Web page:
Herefordshire has been renowned for its cider for centuries. It’s home to the world’s biggest cider-makers, Bulmers, as well as Weston’s and many other smaller craft producers. To learn more about this thriving industry and sample some of the apple tipples, you can visit the Cider Museum. Or if you fancy making a day of it Herefordshire’s Cider Circuits are a great way to immerse yourself in the county’s cider culture... There are three different circuits to choose from, from 48 to 59 miles long, and they’re all perfect for travelling by bike! Each takes in some of the county’s heritage, orchards and farmlands, offering plenty of opportunities to quench your thirst along the way.


Beefy Boys

Two stacked beef burgers (left) and funky, colourful interior of burger restaurant (right)

Burger fans will love Beefy Boys’ flagship restaurant in Hereford city centre. What started as four friends BBQing in their back gardens, Beefy Boys now boasts titles such as World Burger Championship Finalists and the winners of the National Burger Awards – so as you might expect, it’s hugely popular with locals and visitors alike. On the menu, there’s a big selection of mouthwatering 21-day-aged Hereford beef burgers in freshly baked buns. Choose from the likes of ‘The Chilli Cheese Boy’, ‘The Macaroni Boy’, ‘The Chipotle Boy’ and more. You can also order loaded fries, chicken wings, cocktails and boozy milkshakes on the side. Burger joints don’t get much better than this so make sure you turn up hungry!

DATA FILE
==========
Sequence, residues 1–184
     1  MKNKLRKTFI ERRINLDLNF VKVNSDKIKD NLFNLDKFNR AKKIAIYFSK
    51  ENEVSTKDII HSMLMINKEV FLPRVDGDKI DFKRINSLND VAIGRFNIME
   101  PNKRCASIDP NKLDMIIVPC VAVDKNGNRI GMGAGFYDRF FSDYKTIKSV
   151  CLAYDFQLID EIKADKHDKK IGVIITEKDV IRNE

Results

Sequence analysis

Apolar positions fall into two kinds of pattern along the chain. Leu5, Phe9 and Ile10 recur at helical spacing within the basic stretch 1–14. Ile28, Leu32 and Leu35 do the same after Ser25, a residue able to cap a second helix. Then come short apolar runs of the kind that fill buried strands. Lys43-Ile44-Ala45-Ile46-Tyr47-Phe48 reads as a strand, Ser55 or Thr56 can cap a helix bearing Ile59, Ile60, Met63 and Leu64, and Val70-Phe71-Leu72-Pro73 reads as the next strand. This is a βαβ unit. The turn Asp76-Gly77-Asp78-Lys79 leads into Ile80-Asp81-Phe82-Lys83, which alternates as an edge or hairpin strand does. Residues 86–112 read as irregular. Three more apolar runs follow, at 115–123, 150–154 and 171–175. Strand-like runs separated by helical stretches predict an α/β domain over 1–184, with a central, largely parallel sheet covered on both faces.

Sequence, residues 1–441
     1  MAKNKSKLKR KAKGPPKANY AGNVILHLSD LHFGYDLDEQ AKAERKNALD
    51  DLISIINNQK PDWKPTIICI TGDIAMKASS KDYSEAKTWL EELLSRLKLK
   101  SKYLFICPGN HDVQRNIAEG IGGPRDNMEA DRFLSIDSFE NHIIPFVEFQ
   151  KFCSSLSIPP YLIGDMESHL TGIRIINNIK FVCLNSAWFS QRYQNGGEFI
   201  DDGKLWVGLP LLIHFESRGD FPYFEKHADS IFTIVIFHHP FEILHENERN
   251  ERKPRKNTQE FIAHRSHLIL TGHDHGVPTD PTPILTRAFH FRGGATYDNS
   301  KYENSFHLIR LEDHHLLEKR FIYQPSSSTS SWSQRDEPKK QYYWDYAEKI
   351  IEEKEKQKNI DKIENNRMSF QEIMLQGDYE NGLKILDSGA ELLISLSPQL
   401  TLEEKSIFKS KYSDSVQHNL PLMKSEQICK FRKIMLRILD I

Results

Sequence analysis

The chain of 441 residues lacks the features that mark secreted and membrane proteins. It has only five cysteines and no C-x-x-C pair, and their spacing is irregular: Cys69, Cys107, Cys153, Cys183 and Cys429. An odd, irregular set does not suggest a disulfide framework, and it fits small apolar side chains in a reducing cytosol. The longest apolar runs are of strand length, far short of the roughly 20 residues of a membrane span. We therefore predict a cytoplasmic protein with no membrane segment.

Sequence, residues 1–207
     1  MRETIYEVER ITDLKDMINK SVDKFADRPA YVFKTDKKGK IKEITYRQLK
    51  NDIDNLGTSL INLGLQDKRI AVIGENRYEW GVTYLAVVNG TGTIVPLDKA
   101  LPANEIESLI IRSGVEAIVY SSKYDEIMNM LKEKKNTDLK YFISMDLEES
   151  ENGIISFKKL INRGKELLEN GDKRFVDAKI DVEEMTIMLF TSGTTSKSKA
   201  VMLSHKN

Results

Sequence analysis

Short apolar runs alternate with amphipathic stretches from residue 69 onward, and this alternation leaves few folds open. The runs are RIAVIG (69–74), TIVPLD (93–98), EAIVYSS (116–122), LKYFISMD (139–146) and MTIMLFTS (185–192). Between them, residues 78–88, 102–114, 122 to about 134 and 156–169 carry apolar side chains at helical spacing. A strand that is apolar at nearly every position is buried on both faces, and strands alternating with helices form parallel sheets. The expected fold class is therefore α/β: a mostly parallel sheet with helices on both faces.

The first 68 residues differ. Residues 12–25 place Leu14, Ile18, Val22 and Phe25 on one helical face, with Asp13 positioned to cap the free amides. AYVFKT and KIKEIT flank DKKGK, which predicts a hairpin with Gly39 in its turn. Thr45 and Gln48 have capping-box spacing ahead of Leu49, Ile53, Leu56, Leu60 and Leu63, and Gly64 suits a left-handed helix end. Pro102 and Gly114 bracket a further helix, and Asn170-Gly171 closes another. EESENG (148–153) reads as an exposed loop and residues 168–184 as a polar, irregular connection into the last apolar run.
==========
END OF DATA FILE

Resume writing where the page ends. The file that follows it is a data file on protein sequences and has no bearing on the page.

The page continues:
De Koffie Pot

Exterior of brick cafe/bar along the bank of the River Wye with the Hereford Cathedral in the background

In the centre of Hereford on the banks of the River Wye sits De Koffie Pot, a well-loved café and bar serving locally brewed coffee, homemade cake and tasty meals. On a dry day, you can sit outside in the picturesque courtyard and enjoy some of the city’s most iconic views across the cathedral and the river whilst you savour your hot drink (there are fire pits to keep you warm in the winter!). Or if it’s raining, find yourself a cosy spot indoors amongst the rustic folky interiors. There’s often local art on display in the gallery upstairs, if you’ve got time for a browse, and occasionally De Koffie Pot hosts live music too – take a look at their Facebook page to find out what’s on.



Interior of Michelin star restaurant with large windows with black panelling